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P&G must disclose plant's risks to public

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P&G must disclose plant's risks to public

Firms now required to describe hazards By Andrew Conte, Post staff reporter

In a worst-case scenario, Procter & Gamble's Ivorydale plant in St. Bernard could leak 18,000 gallons of liquid sulfur trioxide, creating a noxious cloud of sulfuric acid that would cause residents within a 6.8-mile radius to have itching throats and burning eyes.

It could only happen under extreme circumstances, but it's a possibility that the company must consider and describe to the public this month under new federal guidelines.

The company has never had a significant chemical release off its property in 22 years of operation, but the potential remains - at least until it stops storing sulfur trioxide on site later this year. P&G uses the chemical to make liquid laundry detergent, and trains with local hazardous materials teams to prepare for such disasters, said Ed Burcham, Ivorydale's environmental manager.

''We're trying to present the entire picture: Yes, here's the cloud but here's our emergency response plan and here's what we're doing to try to prevent accidents from happening,'' he said.

P&G and 13 other companies plan to voluntarily release information about their worst-case scenarios, their more-likely ''alternative case'' scenarios and their planned responses during a presentation by the Alliance for Chemical Safety Thursday. Funded by local firms that use chemicals, the Alliance seeks to inform the public about chemical hazards and safety measures.

The presentations are mandated under new U.S. Environmental Protection Agency rules. Within Hamilton County, an estimated 50 companies must devise worst-case plans and present them to the public before June 21. Nationwide, 66,000 facilities come under the disclosure law.

While the chances of such releases are rare, they are not entirely hypothetical. Last year, Cincinnati-based companies had about 115 hazardous material incidents, and firms in Hamilton County and Northern Kentucky had at least another 40, according to the Alliance. Most were small incidents, such as fuel spills.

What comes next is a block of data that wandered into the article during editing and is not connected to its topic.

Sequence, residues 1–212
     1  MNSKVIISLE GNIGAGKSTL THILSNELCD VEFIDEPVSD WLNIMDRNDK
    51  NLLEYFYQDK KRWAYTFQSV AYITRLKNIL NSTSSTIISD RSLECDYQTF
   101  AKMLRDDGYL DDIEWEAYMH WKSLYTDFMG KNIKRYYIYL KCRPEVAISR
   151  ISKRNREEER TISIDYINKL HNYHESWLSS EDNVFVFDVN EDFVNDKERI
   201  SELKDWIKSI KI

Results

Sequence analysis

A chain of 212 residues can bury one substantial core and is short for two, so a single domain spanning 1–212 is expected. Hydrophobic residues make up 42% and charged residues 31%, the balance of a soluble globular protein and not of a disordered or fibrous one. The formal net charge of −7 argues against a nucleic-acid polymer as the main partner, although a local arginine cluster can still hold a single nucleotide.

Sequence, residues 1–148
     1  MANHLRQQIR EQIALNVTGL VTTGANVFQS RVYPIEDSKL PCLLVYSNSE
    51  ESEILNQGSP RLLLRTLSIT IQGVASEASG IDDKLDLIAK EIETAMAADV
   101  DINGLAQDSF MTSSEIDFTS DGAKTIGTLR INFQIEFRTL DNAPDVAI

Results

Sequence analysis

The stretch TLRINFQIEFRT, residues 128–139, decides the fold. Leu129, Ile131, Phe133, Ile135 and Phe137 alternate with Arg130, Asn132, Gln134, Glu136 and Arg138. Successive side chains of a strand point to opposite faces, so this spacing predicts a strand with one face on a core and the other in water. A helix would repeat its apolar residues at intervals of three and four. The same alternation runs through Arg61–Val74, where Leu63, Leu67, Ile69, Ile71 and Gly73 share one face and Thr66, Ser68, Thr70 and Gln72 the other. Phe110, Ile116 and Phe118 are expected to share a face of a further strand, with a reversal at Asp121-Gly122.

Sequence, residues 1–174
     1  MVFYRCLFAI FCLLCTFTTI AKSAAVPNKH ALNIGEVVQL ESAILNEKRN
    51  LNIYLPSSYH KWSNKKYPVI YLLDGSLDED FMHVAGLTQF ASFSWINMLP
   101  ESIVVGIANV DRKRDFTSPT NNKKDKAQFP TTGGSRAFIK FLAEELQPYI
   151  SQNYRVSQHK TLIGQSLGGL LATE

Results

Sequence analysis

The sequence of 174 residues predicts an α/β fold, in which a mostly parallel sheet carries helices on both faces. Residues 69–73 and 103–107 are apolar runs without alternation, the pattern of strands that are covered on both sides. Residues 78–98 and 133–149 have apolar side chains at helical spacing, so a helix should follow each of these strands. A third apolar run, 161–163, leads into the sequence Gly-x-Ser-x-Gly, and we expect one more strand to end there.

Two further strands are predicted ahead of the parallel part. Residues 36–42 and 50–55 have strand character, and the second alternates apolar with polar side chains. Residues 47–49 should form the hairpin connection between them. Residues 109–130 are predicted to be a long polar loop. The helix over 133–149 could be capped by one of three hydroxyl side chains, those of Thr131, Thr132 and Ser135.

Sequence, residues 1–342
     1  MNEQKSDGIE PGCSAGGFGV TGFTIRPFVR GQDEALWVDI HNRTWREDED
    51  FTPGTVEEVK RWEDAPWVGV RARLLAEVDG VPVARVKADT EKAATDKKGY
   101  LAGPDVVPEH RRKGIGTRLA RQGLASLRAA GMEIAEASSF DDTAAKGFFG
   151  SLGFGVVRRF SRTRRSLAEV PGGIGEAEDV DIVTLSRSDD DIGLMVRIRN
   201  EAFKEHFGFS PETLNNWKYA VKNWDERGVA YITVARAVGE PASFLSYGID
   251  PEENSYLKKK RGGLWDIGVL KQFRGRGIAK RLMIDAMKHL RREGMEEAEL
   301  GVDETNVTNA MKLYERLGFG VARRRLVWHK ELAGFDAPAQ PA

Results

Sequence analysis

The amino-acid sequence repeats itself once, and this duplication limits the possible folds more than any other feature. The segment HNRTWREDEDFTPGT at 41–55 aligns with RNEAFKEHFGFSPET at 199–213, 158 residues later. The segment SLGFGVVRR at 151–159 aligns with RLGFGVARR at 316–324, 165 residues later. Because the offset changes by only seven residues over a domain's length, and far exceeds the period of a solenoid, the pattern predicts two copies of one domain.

But there have been major incidents as well in Greater Cincinnati. In July 1990, chemicals at the BASF plant in Evanston exploded, killing two, injuring 70 and forcing the evacuation of 2,000 nearby residents. If the company had been forced to provide information to the public about the chemicals, that might have prevented the explosion, activists said.

''We don't need to have another BASF explosion to say this (new information) is important for Cincinnati,'' said Rachael Belz, Ohio Citizen Action, a statewide consumer group.

Besides P&G, the Metropolitan Sewer District will talk about the potential for releasing chlorine gases from its wastewater treatment plants. Bayer Corporation will discuss the chemicals it uses at a plastics manufacturing plant in Addyston. Eleven other companies will provide shorter descriptions of risks.

While the potential for disasters may scare some people at first, environmental and health officials hope the new information will allay fears.

''No matter what chemicals the companies have in place, it shows that they have thought very carefully about possible scenarios and have made plans for those scenarios,'' said Colleen O'Toole, vice president of the Greater Cincinnati Health Council. Seminar Thursday

The Alliance for Chemical Safety will host the risk management program seminar at 9 a.m. Thursday at the American Red Cross, 10870 Kenwood Road, Blue Ash.

Individual Alliance members host their own open-house community events throughout the month.

For more information, call Deb Leonard at 513-612-3074.

Publication date: 06-02-99

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